How creative can you get in trying to make a difference? Especially if all you want to do is sell simple stuff. Stuff you make. Stuff you cook. Like food. Austin is mobile food heaven. Well, if you’re not a vegetarian that is – but this old caveman likes his piece of well-barbecued meat once in a while. And Austin makes it really, really easy to get you your rack of ribs and a chilled pop. When you cannot get to the food, they bring the food to you.
Silver Streamliners, bulky 4×4 vehicles, campers that are bigger than the USS Enterprise, small minivans… no wheels are too crazy to bring your favorite part of the cow to a corner near you. Austin food trucks are about as much a symbol of Texas as the Stetson and cracking cowboy boots. Lining up for a carton of grilled meat, you feel that John Wayne may pop-up any minute behind you to order his rack of ribs with double sauce.
Lining up to get your food is an experience. A social experience. People chat about their day, their kids, the sessions they went to. By the time you get your brown paper bag full of calories, you made half a dozen of fresh friends.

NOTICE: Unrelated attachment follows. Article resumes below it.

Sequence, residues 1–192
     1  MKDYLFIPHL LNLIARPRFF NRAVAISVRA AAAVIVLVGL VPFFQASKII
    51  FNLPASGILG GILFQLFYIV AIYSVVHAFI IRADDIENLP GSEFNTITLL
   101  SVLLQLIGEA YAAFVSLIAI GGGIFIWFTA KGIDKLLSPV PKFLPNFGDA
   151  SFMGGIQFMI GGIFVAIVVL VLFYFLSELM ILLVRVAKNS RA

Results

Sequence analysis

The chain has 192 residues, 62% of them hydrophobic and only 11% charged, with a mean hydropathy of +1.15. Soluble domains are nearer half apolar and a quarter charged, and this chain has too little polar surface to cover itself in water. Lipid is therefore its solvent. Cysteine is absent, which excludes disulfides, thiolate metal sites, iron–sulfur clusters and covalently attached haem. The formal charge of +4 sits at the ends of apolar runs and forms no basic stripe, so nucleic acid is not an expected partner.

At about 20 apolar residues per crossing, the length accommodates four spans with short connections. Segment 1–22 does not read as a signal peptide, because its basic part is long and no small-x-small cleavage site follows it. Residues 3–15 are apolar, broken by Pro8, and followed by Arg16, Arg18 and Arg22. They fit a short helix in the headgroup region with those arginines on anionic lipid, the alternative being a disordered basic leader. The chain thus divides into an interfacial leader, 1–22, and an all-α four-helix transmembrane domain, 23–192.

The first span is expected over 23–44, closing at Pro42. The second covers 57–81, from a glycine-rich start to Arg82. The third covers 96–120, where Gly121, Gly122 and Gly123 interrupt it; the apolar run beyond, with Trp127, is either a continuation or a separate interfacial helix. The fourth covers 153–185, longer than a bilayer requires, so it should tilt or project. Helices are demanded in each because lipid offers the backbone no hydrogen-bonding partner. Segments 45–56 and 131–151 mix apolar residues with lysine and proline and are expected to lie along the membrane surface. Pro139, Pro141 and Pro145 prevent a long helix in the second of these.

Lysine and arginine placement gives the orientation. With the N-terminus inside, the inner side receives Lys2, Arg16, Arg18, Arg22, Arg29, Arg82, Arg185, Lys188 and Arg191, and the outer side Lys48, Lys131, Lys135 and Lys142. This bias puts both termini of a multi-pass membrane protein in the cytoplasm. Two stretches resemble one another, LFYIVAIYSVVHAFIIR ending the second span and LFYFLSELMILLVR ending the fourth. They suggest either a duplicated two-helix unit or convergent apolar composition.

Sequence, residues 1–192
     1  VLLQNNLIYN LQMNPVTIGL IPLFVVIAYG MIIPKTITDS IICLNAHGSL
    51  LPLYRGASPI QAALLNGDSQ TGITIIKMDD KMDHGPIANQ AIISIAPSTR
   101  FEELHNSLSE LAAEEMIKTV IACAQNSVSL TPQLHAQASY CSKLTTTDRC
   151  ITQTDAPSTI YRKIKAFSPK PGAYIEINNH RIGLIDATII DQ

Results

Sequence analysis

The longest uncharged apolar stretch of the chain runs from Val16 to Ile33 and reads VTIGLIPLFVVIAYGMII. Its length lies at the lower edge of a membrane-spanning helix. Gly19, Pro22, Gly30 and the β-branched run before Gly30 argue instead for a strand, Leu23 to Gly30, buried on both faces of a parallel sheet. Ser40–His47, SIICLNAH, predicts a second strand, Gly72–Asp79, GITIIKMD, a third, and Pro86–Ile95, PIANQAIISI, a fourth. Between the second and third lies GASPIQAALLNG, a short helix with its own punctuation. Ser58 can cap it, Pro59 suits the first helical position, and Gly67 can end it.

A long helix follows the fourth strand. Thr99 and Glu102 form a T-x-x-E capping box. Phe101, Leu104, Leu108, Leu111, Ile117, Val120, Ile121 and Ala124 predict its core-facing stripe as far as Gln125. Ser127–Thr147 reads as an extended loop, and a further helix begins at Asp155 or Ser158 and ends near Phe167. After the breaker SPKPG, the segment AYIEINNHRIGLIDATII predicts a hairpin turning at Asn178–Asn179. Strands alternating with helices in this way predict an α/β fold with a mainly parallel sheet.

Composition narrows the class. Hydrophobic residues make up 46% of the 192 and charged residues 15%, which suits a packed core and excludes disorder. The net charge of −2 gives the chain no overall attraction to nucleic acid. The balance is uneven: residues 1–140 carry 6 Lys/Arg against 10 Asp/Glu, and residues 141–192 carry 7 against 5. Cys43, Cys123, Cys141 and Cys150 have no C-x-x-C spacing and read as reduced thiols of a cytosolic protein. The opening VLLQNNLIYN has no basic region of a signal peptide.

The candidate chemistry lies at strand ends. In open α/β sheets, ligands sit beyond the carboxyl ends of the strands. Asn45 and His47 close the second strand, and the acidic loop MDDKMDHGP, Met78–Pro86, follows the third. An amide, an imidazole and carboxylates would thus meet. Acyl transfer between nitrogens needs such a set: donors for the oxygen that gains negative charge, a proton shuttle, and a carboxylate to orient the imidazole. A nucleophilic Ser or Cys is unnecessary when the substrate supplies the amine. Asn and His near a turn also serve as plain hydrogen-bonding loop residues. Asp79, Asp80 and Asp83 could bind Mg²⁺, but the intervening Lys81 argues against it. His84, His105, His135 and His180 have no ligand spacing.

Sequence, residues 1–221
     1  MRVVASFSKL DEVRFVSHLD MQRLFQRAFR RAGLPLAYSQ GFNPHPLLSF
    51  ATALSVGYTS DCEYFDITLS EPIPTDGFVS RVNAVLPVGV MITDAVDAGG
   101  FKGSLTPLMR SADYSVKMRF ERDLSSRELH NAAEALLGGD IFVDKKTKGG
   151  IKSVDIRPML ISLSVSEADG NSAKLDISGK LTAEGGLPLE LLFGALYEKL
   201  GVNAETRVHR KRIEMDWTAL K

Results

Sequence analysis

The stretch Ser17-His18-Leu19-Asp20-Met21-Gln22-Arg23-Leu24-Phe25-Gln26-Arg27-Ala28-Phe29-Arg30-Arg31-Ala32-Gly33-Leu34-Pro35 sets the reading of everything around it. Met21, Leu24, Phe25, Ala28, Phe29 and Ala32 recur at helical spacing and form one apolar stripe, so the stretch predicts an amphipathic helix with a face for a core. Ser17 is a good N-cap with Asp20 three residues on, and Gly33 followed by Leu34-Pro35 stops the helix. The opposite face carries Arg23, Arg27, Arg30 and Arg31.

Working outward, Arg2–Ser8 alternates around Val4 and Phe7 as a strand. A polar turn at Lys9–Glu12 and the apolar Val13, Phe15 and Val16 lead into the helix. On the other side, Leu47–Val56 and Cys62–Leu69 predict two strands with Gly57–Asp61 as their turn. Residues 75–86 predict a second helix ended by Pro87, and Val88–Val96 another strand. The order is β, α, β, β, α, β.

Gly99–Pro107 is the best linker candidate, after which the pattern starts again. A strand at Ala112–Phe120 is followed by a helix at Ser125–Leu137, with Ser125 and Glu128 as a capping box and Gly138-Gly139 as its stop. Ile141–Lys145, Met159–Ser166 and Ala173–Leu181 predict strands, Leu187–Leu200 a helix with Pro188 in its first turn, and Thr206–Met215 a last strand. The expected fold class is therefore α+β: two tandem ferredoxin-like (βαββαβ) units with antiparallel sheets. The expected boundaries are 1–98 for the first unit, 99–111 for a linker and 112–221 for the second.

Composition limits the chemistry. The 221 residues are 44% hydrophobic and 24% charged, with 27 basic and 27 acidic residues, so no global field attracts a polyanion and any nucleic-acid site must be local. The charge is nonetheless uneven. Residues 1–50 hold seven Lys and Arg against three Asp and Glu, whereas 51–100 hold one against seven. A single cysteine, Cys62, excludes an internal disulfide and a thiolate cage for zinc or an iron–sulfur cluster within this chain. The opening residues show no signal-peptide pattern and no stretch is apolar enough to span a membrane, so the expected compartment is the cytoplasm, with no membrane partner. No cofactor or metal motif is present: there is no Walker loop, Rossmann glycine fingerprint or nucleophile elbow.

And the food truck people? They go out of their hum to differentiate their truck and eating experience. The food trucks look amazingly hip and authentic, in a slightly Woodstock kind of way. And the tattooed bloke grilling the meat makes sure you can find his truck.
Food trucks are truly social objects. They have their own Web pages, their enthusiast Facebook fan crowd. They tweet where they are going to be. You can tweet them orders. You can locate them on Foursquare, and they will please you with some crazy badge!
Here at #SXSW the question is often if all these shiny apps and tools that are presented to the happy-few inside the conference touch people’s lives. I think I found the answer: if people use Social Technology to sell, find and buy food, the technology is truly embedded on the street. Maslow is never wrong.